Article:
Ad Network vs. Ad Exchange: differences & similarities

ad network

Programmatic advertising is a great way to create influencing and profitable marketing campaigns. As this concept gains more popularity across the board, it is time to adopt it if you haven’t. Ad exchange and networks are among the main pieces of this concept. These two terms have similarities. But when it comes to functions, they are different.

When using this form of ad tech ecosystem, you have to decide which one you use along the two. Getting a clear understanding of each will facilitate the process of buying inventory according to SmartHub. So let’s take a look at Ad Network vs Ad Exchange. This should help you make a decision on which one to choose!

Ad Network

Here, platforms are provided for the sharing of inventory. It is a bridge, linking entities with inventory to anyone looking to buy. It was developed to overcome the challenges of ad exchange. By having a platform, the entire process becomes easier.

Ad networks are inventory-managing organizations that cater to publishers. It also sells ads on their behalf in exchange for a fee. Networks sort out ads with the following factors in mind:

  • Demographics
  • Context
  • Customer behavior

By doing this, it ensures that users have the most appropriate inventory. The target audience includes:

  • Agencies
  • Publishers
  • Advertisers

Prominent companies that provide such solutions include Yahoo Publisher and Microsoft Ad. Another great source is Google Adsense. You can use it for different projects and campaigns.


This solution has a wide range of advantages and provides different options to get profit and bring more attention to customers. These include:

  • Broader target audience
  • Enhanced user engagement
  • Efficiency in exchanging inventory
  • Advanced targeting options
  • Availability in multiple formats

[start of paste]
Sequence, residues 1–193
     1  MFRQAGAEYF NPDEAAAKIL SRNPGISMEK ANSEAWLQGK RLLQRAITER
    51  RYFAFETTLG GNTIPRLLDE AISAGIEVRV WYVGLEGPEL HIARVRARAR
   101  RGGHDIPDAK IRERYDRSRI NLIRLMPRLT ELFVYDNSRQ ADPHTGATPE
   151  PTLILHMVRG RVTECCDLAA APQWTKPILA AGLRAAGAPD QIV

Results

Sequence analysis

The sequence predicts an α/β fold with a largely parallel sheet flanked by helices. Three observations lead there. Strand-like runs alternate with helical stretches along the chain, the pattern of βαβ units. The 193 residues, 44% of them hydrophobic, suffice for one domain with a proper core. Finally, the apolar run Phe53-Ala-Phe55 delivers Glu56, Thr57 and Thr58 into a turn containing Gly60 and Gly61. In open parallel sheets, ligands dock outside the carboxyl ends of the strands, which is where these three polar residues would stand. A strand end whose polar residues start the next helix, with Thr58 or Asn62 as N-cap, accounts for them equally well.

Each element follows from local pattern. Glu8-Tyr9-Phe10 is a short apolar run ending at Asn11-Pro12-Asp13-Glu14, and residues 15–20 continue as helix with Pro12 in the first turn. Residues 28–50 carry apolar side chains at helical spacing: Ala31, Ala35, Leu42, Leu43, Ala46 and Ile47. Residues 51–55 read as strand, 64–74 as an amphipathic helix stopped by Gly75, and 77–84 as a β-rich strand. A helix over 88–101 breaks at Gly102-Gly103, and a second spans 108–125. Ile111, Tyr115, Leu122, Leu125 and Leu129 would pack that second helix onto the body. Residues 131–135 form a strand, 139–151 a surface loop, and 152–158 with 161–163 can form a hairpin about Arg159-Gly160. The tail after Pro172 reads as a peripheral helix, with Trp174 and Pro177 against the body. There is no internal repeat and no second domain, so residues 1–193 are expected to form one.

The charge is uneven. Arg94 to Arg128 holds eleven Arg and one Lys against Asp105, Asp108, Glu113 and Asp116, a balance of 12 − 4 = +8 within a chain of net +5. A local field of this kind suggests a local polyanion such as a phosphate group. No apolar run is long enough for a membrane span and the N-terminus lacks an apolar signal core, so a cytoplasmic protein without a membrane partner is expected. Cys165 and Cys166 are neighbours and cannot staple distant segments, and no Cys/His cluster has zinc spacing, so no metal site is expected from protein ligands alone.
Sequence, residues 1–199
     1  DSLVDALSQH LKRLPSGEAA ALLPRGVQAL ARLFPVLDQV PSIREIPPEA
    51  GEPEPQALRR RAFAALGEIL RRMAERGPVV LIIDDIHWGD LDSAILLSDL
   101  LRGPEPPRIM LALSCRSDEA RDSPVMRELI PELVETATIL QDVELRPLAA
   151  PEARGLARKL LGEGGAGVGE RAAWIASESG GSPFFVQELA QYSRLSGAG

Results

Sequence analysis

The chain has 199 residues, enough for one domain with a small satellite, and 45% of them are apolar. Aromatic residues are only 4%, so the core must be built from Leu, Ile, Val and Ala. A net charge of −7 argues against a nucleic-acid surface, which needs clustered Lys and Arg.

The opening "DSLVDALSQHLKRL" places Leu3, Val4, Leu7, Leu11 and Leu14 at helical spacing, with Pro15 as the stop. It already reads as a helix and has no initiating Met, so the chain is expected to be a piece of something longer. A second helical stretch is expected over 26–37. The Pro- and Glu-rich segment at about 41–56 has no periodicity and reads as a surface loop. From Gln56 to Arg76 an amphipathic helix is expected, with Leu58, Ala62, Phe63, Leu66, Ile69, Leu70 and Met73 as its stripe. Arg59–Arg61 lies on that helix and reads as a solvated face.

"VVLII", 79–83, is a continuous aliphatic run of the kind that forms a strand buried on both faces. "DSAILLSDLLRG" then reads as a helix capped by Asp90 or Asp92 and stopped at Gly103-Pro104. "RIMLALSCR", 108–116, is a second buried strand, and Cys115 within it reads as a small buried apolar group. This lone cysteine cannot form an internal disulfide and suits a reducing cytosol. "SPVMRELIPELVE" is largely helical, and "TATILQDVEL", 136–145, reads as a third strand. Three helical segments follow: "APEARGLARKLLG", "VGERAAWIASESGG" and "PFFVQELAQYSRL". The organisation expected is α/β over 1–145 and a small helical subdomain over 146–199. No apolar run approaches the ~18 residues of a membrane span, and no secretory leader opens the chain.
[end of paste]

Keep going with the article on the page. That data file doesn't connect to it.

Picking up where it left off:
• Promotes brand safety
  • Testing before launching strategies
  • Offers transparency

It offers real-time insights which creates a lot of room for needed transparency. This put ads in places where customers were allowed to see them. This creates a way to track performance.

Another advantage is security. These networks improve security. This platform ensures that advertisers get the appropriate content. Anything that is not relevant or poses a security threat will be eliminated. Publishers can select which ones to place. This provides more control. Another benefit of this setup is that it reduces expenses.


While ad networks provide transparency, this is available only to some extent. There is still a risk of low transparency. The level of transparency varies between different organizations. It also has a limited reach when targeting users. For instance, clients may not be privy to transactions or placements on websites.

As it pertains to the ad networks vs ad exchanges question, another thing to consider is pricing. The former’s pricing model is always fixed. Among the most used models is the pay-per-click (PPC). They may also get a cut from the amount made from inventory sold.

It is also worse to mention that by using the right platforms, it will be cost-effective for the future investment. Publishers can also set their prices. They can do this by limiting the number of times an ad appears thereby reducing costs. Publishers can reduce the risks of online fraudulent activities this way. This can help to boost your brand image.

Linux, an open-source operating system, plays a significant role in the realm of programmatic advertising, providing a robust foundation for various ad tech ecosystems. Many ad networks and exchanges operate on Linux-based platforms, ensuring stability, security, and scalability in handling the complexities of real-time bidding and transaction processing.